Devolution and Black State Legislators: Challenges and Choices in the Twenty-first Century (Google eBook)

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SUNY Press, Feb 1, 2012 - Political Science - 302 pages
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Devolution and Black State Legislators examines whether black state legislators can produce qualitative gains in the substantive representation of black interests. Once a battle cry by southern conservatives, “new federalism” has shifted power from Washington to the respective state governments and, ironically, has done so as black state legislators grow in number. Tyson King-Meadows and Thomas F. Schaller look at the debates surrounding black political incorporation, the tradeoffs between substantive and descriptive representation, racial redistricting, and the impact of black legislators on state budgetary politics. They situate contemporary constraints on black state elites as the union of macro- and micro-level forces, which allows for a reconsideration of how the idiosyncrasies of political, economic, and geographic culture converge with the internal dynamics of state legislative processes to produce particular environments. Interviews with black legislators provide valuable insights into how such idiosyncrasies may deprive institutional advancement—committee assignments, chairmanships, and party leadership positions—of the influence it once afforded.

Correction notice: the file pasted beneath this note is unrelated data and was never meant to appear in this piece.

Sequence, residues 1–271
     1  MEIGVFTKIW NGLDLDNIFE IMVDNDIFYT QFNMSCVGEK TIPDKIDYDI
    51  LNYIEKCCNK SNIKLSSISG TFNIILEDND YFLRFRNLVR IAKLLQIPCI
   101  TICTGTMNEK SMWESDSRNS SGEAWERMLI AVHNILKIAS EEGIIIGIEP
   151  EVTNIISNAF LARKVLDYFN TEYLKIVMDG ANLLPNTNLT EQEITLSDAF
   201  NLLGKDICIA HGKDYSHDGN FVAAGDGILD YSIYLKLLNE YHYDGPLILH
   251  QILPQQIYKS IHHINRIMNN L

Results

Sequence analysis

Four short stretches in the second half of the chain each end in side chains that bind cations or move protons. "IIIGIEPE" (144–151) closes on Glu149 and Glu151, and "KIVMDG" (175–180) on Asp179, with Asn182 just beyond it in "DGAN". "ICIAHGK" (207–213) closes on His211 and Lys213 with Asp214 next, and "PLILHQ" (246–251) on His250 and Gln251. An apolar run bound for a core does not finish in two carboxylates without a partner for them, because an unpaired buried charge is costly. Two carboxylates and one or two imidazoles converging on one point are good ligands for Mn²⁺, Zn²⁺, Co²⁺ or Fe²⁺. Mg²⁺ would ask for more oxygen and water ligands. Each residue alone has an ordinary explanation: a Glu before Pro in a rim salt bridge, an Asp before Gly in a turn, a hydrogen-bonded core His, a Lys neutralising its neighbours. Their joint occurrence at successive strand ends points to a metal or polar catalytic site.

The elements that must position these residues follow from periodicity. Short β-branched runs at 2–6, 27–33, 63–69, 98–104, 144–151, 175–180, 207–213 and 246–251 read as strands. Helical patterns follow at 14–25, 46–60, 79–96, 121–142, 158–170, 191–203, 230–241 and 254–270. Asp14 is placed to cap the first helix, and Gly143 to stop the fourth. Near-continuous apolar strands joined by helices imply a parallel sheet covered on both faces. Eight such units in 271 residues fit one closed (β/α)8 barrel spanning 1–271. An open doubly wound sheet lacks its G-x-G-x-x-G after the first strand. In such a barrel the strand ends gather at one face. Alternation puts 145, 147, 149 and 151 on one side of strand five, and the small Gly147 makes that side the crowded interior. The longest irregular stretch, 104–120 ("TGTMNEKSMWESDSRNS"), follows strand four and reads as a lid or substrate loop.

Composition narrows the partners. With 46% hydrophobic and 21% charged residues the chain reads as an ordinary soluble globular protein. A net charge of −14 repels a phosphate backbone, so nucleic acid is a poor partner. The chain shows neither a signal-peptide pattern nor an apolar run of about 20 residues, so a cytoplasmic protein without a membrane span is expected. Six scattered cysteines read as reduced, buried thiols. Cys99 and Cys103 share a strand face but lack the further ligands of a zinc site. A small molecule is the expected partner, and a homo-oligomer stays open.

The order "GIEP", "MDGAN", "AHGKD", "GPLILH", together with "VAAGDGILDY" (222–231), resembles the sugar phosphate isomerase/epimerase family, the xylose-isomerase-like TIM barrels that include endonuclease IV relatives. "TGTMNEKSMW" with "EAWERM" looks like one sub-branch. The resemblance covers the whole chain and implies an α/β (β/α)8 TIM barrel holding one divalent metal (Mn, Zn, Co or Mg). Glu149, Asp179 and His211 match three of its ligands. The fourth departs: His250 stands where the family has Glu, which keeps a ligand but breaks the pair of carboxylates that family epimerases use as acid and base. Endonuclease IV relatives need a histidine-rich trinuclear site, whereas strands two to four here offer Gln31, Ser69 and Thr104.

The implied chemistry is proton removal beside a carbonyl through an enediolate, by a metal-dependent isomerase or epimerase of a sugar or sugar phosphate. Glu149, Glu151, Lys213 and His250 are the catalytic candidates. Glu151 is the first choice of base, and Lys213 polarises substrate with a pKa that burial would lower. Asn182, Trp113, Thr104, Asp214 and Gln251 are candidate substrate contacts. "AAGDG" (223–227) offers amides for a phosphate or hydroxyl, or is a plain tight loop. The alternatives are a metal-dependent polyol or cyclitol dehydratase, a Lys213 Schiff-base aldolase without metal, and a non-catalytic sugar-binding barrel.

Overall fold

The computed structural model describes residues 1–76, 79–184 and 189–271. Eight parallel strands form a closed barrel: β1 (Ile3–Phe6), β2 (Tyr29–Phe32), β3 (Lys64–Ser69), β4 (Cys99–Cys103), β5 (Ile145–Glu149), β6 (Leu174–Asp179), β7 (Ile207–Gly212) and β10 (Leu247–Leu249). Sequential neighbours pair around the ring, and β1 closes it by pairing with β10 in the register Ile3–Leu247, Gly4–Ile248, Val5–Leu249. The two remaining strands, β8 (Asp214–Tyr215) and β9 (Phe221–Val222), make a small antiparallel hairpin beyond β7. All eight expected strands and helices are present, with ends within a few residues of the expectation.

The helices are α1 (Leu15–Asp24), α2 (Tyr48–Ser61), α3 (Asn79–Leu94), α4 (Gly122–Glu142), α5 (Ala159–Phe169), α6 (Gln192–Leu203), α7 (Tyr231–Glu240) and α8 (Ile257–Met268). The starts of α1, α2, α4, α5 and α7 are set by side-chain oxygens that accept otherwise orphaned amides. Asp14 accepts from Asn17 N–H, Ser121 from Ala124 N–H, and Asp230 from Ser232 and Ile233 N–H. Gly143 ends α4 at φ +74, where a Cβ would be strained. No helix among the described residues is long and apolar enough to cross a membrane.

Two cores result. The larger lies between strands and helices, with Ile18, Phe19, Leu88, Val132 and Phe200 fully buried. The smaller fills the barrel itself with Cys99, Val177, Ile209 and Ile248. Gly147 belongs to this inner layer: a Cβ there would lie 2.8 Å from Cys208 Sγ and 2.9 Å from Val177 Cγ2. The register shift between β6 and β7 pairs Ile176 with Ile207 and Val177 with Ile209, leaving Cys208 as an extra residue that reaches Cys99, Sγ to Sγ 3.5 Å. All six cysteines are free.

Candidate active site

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Contents

Introduction
1
1 The State Link in the Chain
9
2 Race and Representation in State Legislatures
39
3 The Black Electoral Connection
59
4 When Identity and Constituency Collide at Roll Call
91
5 The Institutionalization of Black State Legislative Power
109
6 Black Legislators Black Constituentsand the Devolution Revolution
147
7 Nationalizing Black State Interests
191
8 Devolutionary Dangers
217
Underlying Data for Figures 32aand 32b
229
Trends in AFDCTANF Recipient Characteristics
233
Methods for Reexamining Sticks and Carrots
237
Notes
239
Bibliography
273
Index
297
Copyright

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About the author (2012)

Tyson King-Meadows is Assistant Professor and Thomas F. Schaller is Associate Professor of Political Science at the University of Maryland, Baltimore County.

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